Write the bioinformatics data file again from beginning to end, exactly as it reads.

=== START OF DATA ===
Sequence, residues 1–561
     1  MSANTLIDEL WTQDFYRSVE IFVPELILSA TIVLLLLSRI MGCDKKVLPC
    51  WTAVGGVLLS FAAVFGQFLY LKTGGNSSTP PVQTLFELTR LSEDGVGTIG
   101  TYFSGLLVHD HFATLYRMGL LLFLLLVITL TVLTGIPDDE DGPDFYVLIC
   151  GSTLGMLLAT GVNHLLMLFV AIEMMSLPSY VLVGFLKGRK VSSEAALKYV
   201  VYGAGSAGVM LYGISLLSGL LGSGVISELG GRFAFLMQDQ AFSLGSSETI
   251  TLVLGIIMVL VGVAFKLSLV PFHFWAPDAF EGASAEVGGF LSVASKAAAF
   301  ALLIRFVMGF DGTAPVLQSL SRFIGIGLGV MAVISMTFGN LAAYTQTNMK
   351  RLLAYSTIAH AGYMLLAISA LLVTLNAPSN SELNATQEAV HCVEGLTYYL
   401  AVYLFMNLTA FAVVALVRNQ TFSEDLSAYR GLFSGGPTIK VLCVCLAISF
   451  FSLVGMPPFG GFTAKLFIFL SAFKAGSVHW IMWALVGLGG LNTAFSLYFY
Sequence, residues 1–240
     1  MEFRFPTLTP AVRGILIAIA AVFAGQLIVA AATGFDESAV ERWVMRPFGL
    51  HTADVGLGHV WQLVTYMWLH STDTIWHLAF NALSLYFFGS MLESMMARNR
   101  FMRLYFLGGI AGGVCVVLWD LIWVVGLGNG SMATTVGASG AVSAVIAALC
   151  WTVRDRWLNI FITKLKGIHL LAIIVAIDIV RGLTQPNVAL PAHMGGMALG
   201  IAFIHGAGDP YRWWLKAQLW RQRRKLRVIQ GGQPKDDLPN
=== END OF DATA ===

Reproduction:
Sequence, residues 1–561
     1  MSANTLIDEL WTQDFYRSVE IFVPELILSA TIVLLLLSRI MGCDKKVLPC
    51  WTAVGGVLLS FAAVFGQFLY LKTGGNSSTP PVQTLFELTR LSEDGVGTIG
   101  TYFSGLLVHD HFATLYRMGL LLFLLLVITL TVLTGIPDDE DGPDFYVLIC
   151  GSTLGMLLAT GVNHLLMLFV AIEMMSLPSY VLVGFLKGRK VSSEAALKYV
   201  VYGAGSAGVM LYGISLLSGL LGSGVISELG GRFAFLMQDQ AFSLGSSETI
   251  TLVLGIIMVL VGVAFKLSLV PFHFWAPDAF EGASAEVGGF LSVASKAAAF
   301  ALLIRFVMGF DGTAPVLQSL SRFIGIGLGV MAVISMTFGN LAAYTQTNMK
   351  RLLAYSTIAH AGYMLLAISA LLVTLNAPSN SELNATQEAV HCVEGLTYYL
   401  AVYLFMNLTA FAVVALVRNQ TFSEDLSAYR GLFSGGPTIK VLCVCLAISF
   451  FSLVGMPPFG GFTAKLFIFL SAFKAGSVHW IMWALVGLGG LNTAFSLYFY
Sequence, residues 1–240
     1  MEFRFPTLTP AVRGILIAIA AVFAGQLIVA AATGFDESAV ERWVMRPFGL
    51  HTADVGLGHV WQLVTYMWLH STDTIWHLAF NALSLYFFGS MLESMMARNR
   101  FMRLYFLGGI AGGVCVVLWD LIWVVGLGNG SMATTVGASG AVSAVIAALC
   151  WTVRDRWLNI FITKLKGIHL LAIIVAIDIV RGLTQPNVAL PAHMGGMALG
   201  IAFIHGAGDP YRWWLKAQLW RQRRKLRVIQ GGQPKDDLPN